• The flowchart and block diagrams in the figures illustrate the architecture, functionality, and operation of possible implementations of systems, methods and computer program products according to various embodiments of the present invention. In this regard, each block in the flowchart or block diagrams may represent a module, segment, or portion of code, which comprises one or more executable instructions for implementing the specified logical function(s). It should also be noted that, in some alternative implementations, the functions noted in the block may occur out of the order noted in the figures. For example, two blocks shown in succession may, in fact, be executed substantially concurrently, or the blocks may sometimes be executed in the reverse order, depending upon the functionality involved. It will also be noted that each block of the block diagrams and/or flowchart illustration, and combinations of blocks in the block diagrams and/or flowchart illustration, can be implemented by special purpose hardware-based systems which perform the specified functions or acts, or combinations of special purpose hardware and computer instructions.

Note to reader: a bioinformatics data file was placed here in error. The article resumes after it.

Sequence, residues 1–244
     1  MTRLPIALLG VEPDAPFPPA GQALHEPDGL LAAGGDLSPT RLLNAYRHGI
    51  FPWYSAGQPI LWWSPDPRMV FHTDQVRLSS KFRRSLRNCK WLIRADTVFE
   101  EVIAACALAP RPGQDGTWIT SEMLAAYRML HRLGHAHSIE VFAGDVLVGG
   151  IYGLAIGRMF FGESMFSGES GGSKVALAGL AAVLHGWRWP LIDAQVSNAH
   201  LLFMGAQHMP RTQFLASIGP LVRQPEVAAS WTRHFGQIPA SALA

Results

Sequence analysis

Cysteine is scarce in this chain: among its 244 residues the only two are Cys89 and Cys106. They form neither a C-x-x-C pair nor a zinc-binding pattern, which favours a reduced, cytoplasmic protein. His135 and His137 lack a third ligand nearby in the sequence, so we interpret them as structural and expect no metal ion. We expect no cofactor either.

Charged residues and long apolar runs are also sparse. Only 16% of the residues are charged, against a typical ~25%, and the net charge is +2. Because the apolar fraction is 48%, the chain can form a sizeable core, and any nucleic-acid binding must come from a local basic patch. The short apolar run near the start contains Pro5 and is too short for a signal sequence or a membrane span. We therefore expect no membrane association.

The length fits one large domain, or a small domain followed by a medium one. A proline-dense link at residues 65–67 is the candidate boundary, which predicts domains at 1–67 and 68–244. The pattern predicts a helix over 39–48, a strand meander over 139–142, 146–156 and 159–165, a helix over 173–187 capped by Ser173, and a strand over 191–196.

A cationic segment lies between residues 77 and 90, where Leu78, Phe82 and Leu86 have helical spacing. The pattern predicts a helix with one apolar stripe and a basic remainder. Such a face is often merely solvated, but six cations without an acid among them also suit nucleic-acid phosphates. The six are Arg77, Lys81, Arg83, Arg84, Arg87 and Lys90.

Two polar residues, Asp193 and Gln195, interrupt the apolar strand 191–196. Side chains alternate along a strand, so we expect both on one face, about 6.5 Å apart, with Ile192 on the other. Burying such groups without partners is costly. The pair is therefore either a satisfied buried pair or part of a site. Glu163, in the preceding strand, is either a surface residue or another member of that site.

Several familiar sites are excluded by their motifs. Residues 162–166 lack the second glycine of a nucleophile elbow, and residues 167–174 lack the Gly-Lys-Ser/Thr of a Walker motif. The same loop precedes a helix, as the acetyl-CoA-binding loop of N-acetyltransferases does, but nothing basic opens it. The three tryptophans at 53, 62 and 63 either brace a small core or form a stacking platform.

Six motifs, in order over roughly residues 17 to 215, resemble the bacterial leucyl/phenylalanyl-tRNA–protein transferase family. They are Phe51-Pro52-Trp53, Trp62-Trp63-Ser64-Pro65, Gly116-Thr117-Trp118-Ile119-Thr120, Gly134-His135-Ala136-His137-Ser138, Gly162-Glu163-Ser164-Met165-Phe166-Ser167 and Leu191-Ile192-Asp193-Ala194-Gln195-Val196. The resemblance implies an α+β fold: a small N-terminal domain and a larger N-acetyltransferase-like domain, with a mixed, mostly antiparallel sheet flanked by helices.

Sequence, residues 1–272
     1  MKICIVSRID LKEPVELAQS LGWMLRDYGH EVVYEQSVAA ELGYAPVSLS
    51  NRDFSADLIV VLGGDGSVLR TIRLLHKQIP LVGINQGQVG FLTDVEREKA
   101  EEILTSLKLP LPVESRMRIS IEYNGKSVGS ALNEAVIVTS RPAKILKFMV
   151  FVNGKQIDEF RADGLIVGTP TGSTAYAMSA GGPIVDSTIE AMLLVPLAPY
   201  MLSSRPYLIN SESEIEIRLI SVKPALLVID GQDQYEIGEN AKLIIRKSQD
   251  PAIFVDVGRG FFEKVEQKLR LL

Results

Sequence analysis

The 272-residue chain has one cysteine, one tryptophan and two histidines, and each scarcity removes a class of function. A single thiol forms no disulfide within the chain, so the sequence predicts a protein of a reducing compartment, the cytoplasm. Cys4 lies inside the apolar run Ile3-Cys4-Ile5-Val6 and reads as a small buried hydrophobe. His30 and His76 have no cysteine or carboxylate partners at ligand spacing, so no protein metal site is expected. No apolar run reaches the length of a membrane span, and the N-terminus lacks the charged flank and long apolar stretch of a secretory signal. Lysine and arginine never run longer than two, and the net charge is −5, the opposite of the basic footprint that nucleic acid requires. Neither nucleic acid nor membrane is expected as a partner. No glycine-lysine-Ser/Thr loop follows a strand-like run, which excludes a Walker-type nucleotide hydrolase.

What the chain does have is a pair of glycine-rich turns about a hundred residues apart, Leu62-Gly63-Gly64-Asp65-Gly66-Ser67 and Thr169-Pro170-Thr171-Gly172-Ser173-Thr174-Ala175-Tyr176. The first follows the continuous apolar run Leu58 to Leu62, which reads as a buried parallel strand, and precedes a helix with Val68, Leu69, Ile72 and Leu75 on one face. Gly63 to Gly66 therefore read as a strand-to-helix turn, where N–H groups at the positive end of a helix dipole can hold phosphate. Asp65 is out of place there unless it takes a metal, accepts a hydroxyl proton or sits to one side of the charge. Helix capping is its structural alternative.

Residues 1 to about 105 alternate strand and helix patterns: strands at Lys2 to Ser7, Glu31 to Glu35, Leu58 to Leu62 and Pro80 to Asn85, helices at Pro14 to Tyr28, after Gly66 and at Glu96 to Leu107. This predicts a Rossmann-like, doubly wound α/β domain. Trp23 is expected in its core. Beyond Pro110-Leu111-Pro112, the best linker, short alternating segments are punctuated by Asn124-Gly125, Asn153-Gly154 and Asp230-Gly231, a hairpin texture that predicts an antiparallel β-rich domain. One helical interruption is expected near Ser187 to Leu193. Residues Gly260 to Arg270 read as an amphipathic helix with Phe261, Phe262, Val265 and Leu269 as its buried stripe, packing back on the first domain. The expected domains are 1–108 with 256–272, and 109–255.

• The invention can take the form of an entirely hardware embodiment, an entirely software embodiment or an embodiment containing both hardware and software elements. In a preferred embodiment, the invention is implemented in software, which includes but is not limited to firmware, resident software, microcode, etc.
  • Furthermore, the invention can take the form of a computer program product accessible from a computer-usable or computer-readable medium providing program code for use by or in connection with a computer or any instruction execution system. For the purposes of this description, a computer-usable or computer readable medium can be any tangible apparatus that can contain, store, communicate, propagate, or transport the program for use by or in connection with the instruction execution system, apparatus, or device.
  • The medium can be an electronic, magnetic, optical, electromagnetic, infrared, or semiconductor system (or apparatus or device) or a propagation medium. Examples of a computer-readable medium include a semiconductor or solid state memory, magnetic tape, a removable computer diskette, a random access memory (RAM), a read-only memory (ROM), a rigid magnetic disk and an optical disk. Current examples of optical disks include compact disk-read only memory (CD-ROM), compact disk-read/write (CD-R/W) and DVD.
  • A data processing system suitable for storing and/or executing program code will include at least one processor coupled directly or indirectly to memory elements through a system bus. The memory elements can include local memory employed during actual execution of the program code, bulk storage, and cache memories which provide temporary storage of at least some program code in order to reduce the number of times code must be retrieved from bulk storage during execution.